European LNG premium to hub gas widens amid competition from JKTC, LATAM
European LNG volumes have risen to a premium of 20 cents/MMBtu to the TTF month-ahead natural gas contract amid strong competition from a tight market in Northeast Asia and persistent demand from South America.
The Platts DES Northwest Europe was assessed at $11.343/MMBtu on June 25, the highest level since October 2014, with the cargo price premium to the TTF hub growing alongside this price rally.
Prior to June 9, the delivered price of a cargo into Europe had spent 84 days trading at a discount to hub levels.
The last time there was a sustained period of cargoes into Europe being priced above TTF was at the start of Q1 this year, when Japanese utilities found themselves without ample supply to face a cold snap, with the effects of Norwegian production issues meaning European buyers had to compete for less volume against a surging JKM.
As well as this, the sharp drop in temperatures during this period in parts of the US, including Texas, meant the Henry Hub price gained support, leading some Atlantic traders to sell back into the hub, thus limiting European buyers’ ability to secure volume.
Buy-side interest has developed in Asia as Japanese utilities look to bolster supply for summer, alongside other markets in south and southeast Asia looking to procure volume. Previously, buyers have been hesitant to enter the market amidst a rally to compete against strong Northeast Asian pricing. Market participants in Asia also observed gains in Eurogas, a driver for offer levels into the market.
According to Platts data, the DES NWE for H1 August stood at a discount of $1.526/MMBtu to the H2 August JKM on June 25, with the spread having widened between the two markers by 10 cents/MMBtu over the past week.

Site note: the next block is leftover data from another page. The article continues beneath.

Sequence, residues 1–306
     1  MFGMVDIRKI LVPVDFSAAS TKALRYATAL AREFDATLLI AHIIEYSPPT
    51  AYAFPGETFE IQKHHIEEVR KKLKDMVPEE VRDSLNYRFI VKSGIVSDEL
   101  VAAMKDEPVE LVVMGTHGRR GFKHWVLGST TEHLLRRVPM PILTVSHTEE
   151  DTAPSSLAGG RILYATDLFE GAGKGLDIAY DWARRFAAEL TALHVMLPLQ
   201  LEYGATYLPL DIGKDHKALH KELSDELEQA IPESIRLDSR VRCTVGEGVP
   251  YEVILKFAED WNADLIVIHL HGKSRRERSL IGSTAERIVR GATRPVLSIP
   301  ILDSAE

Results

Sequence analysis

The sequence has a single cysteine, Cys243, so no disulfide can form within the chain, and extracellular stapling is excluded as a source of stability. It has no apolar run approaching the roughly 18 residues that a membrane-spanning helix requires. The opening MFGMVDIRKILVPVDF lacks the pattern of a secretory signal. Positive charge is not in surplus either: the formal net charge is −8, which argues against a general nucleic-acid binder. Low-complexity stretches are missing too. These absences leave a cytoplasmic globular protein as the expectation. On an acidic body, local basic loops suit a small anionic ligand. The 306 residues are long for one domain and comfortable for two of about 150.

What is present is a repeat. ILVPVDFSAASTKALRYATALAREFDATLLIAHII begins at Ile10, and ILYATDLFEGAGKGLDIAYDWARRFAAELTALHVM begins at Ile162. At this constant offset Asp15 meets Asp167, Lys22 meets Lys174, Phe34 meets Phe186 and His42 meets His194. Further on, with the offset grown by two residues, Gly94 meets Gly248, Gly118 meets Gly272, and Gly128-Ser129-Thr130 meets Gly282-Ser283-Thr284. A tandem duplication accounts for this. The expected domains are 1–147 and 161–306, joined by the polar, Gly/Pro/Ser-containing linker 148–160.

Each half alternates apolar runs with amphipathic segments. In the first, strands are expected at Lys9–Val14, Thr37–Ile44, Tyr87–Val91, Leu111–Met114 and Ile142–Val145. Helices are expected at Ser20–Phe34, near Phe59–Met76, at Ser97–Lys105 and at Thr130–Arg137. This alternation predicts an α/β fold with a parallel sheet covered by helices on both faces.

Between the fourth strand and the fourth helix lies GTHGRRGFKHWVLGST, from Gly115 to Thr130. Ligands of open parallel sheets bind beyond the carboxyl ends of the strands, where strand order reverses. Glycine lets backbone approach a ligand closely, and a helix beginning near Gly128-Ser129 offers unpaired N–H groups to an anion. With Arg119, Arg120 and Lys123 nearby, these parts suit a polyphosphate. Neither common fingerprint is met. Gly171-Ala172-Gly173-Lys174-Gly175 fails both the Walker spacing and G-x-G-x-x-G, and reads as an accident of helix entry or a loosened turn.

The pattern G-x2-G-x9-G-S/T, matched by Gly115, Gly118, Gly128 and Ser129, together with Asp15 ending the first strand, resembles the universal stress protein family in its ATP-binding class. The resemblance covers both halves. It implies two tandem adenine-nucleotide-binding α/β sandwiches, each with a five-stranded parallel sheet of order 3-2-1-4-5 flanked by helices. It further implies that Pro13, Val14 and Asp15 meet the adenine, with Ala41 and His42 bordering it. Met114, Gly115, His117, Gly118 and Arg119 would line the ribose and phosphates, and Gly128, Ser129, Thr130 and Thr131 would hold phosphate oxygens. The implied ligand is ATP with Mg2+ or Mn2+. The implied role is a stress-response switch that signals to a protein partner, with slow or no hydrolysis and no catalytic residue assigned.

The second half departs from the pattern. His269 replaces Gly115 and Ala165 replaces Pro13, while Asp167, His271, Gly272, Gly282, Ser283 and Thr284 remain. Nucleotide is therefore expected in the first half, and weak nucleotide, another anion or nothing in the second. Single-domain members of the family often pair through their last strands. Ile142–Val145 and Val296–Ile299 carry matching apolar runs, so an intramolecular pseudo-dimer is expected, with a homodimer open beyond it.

“The arb is open, there is no reason for a seller to offer down,” said one London-based trader.
As a result, book-outs for late July/August delivery cargoes into Europe have been reported as well as reloads out of the more well supplied Spanish market, as portfolio players look to optimize the steady gains seen in Asia.
In South America, lower-than-average hydro reservoir levels have meant strong prompt demand for volume, with cargo prices into Brazil valued up to TTF plus $0.30/MMBtu, as well as ongoing winter procurement from Argentina.
Argentina’s IEASA recently closed a tender for five partial cargoes into Escobar and Bahia Blanca for August/September delivery at $10.80-11.20/MMBtu, according to market sources. At the time of close (June 15), the H1 August DES NWE was at $9.936/MMBtu.
It has not only been landed prices that have jumped in response to gains in alternative markets, Eurogas has been well supported by news of a lack of LNG arrivals, on top of lingering concerns over low storage levels in tank (roughly 45%). As a result, prices for both NBP and TTF hubs hit 13-year highs in recent days.
Delivered European prices spent the better part of 2020 at discounts to TTF despite potential premiums in regional hubs in the Mediterranean such as PVB or the UK’s NBP, which usually price at a premium to TTF in the winter owing to shortfalls in storage capacity. However, owing to sharp declines in global demand on the back of the global pandemic, the DES Northwest Europe fell to its lowest ever level of $1.343/MMBtu on May 28, 2020.
However, going forward, with the freight market showing signs of gains, there could be more pressure from Atlantic sellers with surging underlying Eurogas values giving yet more justification to elevated offers. According to Platts data June 25, the Atlantic shipping rate was valued at $80,500/day, whereas the Asia Pacific rate came to $68,500/day as tightening availability for spot voyages supports the Atlantic freight market.